- Cast iron skillet is another option for oil-free cooking. Look for one that’s enamel-coated. They are heavier than most cookware and they do impart some iron in the food, which isn’t a problem if you’re not eating meat. And, they do need to be seasoned with oil so if you are totally oil-free, this may not be the best option. While there are some very pricey options out there, you can also get one at a decent price. Here are a few to choose from.
- A wok is another item you’ll want to consider adding to your oil-free arsenal. Stir-fry is a great option for those eating a plant-based diet, and having a wok on-hand makes for the perfect stir-fry. If you think you can’t use a wok without oil – think again! Check out this quick video tutorial on how to do just that.
- Steamer: For steaming, try this steamer-on-saucepot, or, if you’re looking for a more economical choice, choose a collapsible basket.
OVEN COOKING WITHOUT OIL
Roasting: For this method, non-stick, baking sheets work best, because you’ll likely need a large space to spread the veggies out. Cover with parchment paper or a silicone baking mat which you also find at this link.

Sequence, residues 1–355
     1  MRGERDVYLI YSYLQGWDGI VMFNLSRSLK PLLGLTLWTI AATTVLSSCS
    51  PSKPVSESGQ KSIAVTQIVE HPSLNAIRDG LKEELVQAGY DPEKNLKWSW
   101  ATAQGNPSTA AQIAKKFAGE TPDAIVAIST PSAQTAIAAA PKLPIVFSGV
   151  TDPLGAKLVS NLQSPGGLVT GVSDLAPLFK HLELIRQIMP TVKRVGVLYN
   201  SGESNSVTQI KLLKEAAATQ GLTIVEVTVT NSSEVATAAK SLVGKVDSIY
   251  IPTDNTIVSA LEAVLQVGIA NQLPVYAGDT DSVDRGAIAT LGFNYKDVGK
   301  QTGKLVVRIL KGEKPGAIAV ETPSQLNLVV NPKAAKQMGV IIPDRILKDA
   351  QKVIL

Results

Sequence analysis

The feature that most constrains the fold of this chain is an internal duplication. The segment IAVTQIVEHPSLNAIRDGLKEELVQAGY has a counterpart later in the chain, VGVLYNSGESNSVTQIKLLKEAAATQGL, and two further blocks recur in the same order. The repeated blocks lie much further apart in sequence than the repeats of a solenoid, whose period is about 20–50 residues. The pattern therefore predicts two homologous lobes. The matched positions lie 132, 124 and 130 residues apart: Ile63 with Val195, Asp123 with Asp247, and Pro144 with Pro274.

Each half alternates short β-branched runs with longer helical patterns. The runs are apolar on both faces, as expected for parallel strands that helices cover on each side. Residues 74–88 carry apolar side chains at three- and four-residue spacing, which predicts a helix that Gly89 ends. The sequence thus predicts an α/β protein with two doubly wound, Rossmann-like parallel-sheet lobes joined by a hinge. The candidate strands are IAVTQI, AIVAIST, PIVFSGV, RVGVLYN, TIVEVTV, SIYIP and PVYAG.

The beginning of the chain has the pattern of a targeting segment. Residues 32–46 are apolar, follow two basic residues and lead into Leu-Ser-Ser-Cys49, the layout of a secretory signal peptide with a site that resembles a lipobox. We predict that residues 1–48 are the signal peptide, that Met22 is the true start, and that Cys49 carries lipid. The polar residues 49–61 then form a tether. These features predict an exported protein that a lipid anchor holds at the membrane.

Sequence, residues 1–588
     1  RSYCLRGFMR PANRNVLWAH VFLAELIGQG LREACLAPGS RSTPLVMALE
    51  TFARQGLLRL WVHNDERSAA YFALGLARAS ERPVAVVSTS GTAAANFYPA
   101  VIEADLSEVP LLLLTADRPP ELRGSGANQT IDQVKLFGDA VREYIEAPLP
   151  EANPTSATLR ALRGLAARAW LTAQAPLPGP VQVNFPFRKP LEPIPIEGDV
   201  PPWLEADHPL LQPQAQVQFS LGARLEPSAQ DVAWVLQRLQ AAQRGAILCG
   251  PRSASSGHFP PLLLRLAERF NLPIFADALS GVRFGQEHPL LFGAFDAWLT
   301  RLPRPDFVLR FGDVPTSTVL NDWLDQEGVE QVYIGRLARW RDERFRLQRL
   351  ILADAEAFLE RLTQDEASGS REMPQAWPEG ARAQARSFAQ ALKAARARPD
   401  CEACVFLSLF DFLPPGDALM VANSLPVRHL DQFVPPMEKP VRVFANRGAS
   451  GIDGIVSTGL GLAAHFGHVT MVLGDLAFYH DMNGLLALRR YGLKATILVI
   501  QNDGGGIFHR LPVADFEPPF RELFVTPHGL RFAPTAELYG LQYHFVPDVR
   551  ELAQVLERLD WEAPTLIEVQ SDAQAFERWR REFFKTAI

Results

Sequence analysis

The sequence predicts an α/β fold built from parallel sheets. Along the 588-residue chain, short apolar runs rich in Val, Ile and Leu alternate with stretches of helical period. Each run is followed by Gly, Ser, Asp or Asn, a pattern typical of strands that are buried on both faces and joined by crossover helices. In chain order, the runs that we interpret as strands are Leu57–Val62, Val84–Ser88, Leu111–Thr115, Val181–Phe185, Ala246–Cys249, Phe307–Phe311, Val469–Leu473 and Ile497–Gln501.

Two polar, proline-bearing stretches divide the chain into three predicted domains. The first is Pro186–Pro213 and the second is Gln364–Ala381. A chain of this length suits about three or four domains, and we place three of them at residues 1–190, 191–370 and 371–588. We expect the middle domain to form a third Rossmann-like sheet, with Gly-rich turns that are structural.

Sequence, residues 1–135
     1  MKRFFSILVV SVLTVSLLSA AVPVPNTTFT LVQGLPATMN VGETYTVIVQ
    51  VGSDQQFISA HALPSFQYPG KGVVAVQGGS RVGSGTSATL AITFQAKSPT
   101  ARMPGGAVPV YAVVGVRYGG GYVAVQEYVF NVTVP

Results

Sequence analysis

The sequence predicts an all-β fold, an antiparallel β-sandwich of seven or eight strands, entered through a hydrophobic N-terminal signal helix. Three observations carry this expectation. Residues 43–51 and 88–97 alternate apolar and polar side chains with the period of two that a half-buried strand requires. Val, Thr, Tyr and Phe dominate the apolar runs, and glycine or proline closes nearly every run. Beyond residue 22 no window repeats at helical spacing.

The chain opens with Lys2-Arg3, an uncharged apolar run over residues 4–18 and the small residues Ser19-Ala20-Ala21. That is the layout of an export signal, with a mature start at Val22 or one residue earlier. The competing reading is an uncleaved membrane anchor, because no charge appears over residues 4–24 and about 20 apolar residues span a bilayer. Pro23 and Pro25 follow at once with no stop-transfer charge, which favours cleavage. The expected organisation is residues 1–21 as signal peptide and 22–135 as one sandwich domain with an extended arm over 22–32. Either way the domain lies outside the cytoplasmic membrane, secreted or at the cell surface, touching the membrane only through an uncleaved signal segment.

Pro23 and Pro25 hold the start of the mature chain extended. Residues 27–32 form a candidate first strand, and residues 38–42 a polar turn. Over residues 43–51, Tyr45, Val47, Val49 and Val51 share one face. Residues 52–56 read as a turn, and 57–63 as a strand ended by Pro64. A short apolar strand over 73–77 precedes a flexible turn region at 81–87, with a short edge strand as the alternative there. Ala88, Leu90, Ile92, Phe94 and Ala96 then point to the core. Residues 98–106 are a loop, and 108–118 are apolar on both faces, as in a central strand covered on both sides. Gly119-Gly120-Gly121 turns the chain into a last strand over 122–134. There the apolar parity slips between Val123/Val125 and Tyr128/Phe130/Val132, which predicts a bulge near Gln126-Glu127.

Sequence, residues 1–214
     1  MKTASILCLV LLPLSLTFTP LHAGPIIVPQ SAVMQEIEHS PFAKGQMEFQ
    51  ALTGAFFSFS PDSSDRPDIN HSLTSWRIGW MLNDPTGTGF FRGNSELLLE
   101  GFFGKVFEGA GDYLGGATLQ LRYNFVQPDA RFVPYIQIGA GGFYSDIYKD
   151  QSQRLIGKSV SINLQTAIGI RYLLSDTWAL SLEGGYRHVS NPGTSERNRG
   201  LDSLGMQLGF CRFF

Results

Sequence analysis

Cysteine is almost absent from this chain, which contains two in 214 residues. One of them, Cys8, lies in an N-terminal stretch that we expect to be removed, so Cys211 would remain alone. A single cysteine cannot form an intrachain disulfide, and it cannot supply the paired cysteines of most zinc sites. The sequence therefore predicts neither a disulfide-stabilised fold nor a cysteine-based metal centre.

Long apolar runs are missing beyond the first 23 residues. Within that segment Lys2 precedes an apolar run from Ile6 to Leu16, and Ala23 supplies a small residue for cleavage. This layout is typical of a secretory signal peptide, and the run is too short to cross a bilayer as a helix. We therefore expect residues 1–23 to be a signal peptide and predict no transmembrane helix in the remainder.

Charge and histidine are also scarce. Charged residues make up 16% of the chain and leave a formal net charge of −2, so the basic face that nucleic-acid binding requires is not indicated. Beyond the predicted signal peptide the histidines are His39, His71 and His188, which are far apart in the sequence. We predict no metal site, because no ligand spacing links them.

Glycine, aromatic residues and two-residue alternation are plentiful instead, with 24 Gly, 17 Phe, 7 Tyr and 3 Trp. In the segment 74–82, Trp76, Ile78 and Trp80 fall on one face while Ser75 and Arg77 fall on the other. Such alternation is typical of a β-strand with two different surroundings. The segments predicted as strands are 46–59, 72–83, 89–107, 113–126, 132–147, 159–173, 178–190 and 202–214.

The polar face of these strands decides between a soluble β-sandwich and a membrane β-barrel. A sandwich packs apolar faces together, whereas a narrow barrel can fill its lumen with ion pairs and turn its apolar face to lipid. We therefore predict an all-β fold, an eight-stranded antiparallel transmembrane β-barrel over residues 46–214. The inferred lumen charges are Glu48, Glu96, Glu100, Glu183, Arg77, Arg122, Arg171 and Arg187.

Lightly season as you prefer, and evenly spread your veggies out on a parchment paper-covered baking sheet.
You can either cook at a lower heat (225°-250°) for a longer time (this can be up to several hours), or you can turn up the heat to 400° and you’ll get that browning and crisping effect in a faster time.
For making veggie chips, thinly-sliced veggies, and press them between layers of towels or paper towels to remove some of the moisture before seasoning. See this recipe for oil-free chips and tortillas.
If you want to duplicate deep-fried kinds of foods, you can bread them and then bake them. (need recipe for eggless slurry) Bake on non-stick, silicone, or parchment-lined baking sheets to achieve a crispy outer crust. Finish with a couple minutes on broil for extra crispiness. It’s not going to be the same, but it’s a much healthier option that tastes great and satisfies the craving for crunchy food.
To step-up your oil-less frying, consider investing in an oil-free fryer. Technically, they’re air-fryers, and they are revolutionary for oil-free cooking. There are a lot of choices when it comes to an oil-free fryer, and I encourage you to do your homework and read reviews before deciding which one is right for you. I found this one on Amazon, where it’s reasonably priced and has good reviews.
OIL SUBSTITUTIONS for BAKING
You have a lot of options for baking without butter or oil. Below are some suggestions for what to use as a replacement, and how to best use them:
- Unflavored, unsweetened applesauce – equal to the amount of butter, ¾ of the amount of oil that’s called for. This will result in a dense baked-good.
- Mashed bananas – equal to the amount of butter or oil that’s called for. This will add the flavor or banana to your baked good.